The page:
I’d make him see.
At midnight I returned to his house. The security light turned on as I walked up the drive to his car, but I didn’t care – I’d be quick.
I stuck a note under one wiper: ‘Two grand, or next time it’ll be your face.’ Scrawled in permanent marker. Perhaps it’d rain, but I didn’t care.
I flicked up the knife in my hand and buried the blade in each of the tires. They hissed and flattened. For good measure I trawled a scratch down the side of the car as I left.
Good, I thought. I smiled and drove away.
I was out most of Monday, visiting other clients, reminding them of their duties, what they owed me. I had no patience for their excuses or their pleas. Almost exclusively middle-aged men, like Kevin. Pussies, the lot of them.
I returned home in a good mood, and found a letter lying on my doormat. I picked it up and frowned.
Mr Broadbent. No address. No stamp. Whoever had sent it had pushed it through my letterbox. I stripped it open and felt my heart shudder like a struck gong.
There was £300 – cash – and also a note. The note. The note I’d left under Kevin’s car wiper before slashing his tires. ‘Two grand, or next time it’ll be your face’, in permanent marker. My writing. Underneath, Kevin had written in extremely neat biro:
‘Mr Broadbent, please find enclosed your remaining money. £500 – £200 for the repairs to my car. We are now quits.’ And then he had signed off with a smiley face.
I crunched the note, sun-red with rage. We are now quits. There was only one explanation: Kevin was a lunatic. Losing his wife and kid in the fire must have pushed him over the edge, maybe given him a taste for masochism. I would go over there and kick his ass.
“How does he know where I live?” I stopped suddenly. None of my clients knew where I lived for obvious reasons. Still, no time to worry about that now. Maybe when I’d got Kevin pissing blood he’d realized I’m not someone to mess with, and then he’d try his very best to forget all about me.
I hadn’t even taken my shoes off and I went out again, adrenaline fermenting, expectation rising. I drove to his house. His car sat on the drive and had inflated tires again. I rang the bell. This time when he answered I put my foot against the doorjamb in case he tried to close me out.
He just stared at me. “Can I help you, Mr. Broadbent?”
I pushed him backwards, following him into the hall and knocking the door closed behind me.
“Think you’re funny, do you?” I snarled at him.
“No. I’ve been told often that I don’t have a sense of humor. Why are you holding me?”
I shoved him and he fell over like a Goddamn fairy. Outside I could hear his little rat of a dog barking.
“I want my money,” I said to him.
“I gave you your money,” he whimpered, holding up his hands to protect his face. “I saw you attack my car so I deducted the bill from that last payment…”
I kicked him in the gut, and he squawked. “I decide what you owe me, not you.” Growled it. Skin hot and prickly. Pulse throbbing behind my eyes.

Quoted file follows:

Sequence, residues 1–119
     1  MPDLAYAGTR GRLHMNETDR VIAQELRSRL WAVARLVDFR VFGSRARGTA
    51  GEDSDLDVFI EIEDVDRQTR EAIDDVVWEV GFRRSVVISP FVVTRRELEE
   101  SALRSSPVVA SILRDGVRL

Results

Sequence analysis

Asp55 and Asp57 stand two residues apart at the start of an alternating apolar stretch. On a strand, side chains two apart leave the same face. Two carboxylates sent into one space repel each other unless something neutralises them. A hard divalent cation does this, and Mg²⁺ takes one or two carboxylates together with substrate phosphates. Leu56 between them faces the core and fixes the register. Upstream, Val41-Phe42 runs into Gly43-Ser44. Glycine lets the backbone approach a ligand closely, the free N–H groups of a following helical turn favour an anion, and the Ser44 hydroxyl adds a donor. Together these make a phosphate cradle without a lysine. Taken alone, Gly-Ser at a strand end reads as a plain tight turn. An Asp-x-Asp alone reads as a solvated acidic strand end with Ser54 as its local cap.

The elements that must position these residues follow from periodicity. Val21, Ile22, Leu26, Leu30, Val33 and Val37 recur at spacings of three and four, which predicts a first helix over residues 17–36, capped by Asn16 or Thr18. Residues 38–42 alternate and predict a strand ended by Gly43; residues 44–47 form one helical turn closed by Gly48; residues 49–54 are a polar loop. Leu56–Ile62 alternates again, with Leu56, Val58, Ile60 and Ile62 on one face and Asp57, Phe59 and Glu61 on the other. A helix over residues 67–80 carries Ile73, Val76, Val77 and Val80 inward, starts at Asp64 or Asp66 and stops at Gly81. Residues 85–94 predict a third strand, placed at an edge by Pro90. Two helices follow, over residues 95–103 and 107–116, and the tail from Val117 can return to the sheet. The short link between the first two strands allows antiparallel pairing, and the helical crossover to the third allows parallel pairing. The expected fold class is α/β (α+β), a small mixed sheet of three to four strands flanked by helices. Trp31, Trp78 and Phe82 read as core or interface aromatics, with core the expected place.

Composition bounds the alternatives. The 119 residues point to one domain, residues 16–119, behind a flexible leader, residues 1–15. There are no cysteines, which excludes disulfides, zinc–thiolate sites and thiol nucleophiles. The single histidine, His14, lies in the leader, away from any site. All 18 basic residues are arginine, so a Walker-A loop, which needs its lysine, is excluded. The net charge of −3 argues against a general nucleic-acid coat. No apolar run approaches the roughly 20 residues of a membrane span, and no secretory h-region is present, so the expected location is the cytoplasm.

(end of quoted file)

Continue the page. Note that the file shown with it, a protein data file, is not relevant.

“Please, Mr Broadbent…”
Rushing in my ears. I kicked him again, harder. Lips pulled back in a sneer. He started to cry, clutching his stomach and rolling on the kitchen floor, spit bubbling out of his mouth. Rat-dog scratched at the back door, yelping for his fallen master. One last kick. Thwump. His scream.
I grinned, panting now. I rolled my shoulders, cricked my neck, looked out into the lounge. I saw his TV, a flat-screen. Expensive. I went in and picked it up under one arm. I crossed to the front door and opened it. Kevin lay moaning at the end of the hall.
I took his TV. “Now we’re quits,” I said.
Turned out I was right. Kevin was a lunatic. But I guess even then it was too late.
The next morning I showered as usual, went into the bedroom in just a towel, chased by tendrils of mist. And that’s when I saw the knife impaled in the dresser. Not only that – it was the penknife I’d used to scratch his car. I certainly hadn’t left it like that.
My blood ran cold. I knew who the culprit was. Kevin, the babbling pansy I’d left curled up and crying on the floor, had broken into my house. And not only that – he’d left me a message whilst I’d been showering in the next room. I hadn’t heard a thing.
There was a note impaled by the knife. I plucked it out with shaking hands and read: ‘Don’t start what you can’t finish. I’ve replaced my TV.’ Signed smiley face.
I was furious, and maybe a little scared, I don’t care to admit. The smiley face kept smiling at me. I scrunched up the note and looked about the room, as if Kevin was still here, hiding, waiting to pounce.
The room was empty. The lunatic had left the building. My heart wouldn’t calm down.
Kevin had cleared a space on the dresser to impale the note, and I noticed now that a photo frame lay face down. I righted it immediately and set it in its rightful position – my son, Charlie, wearing an Arsenal shirt and grinning in the sunshine. This photo had been taken some months back now, before the divorce. I felt sick to think of Kevin holding it, his fingerprints on the glass. Had he held it? Looked at it? Studied my son?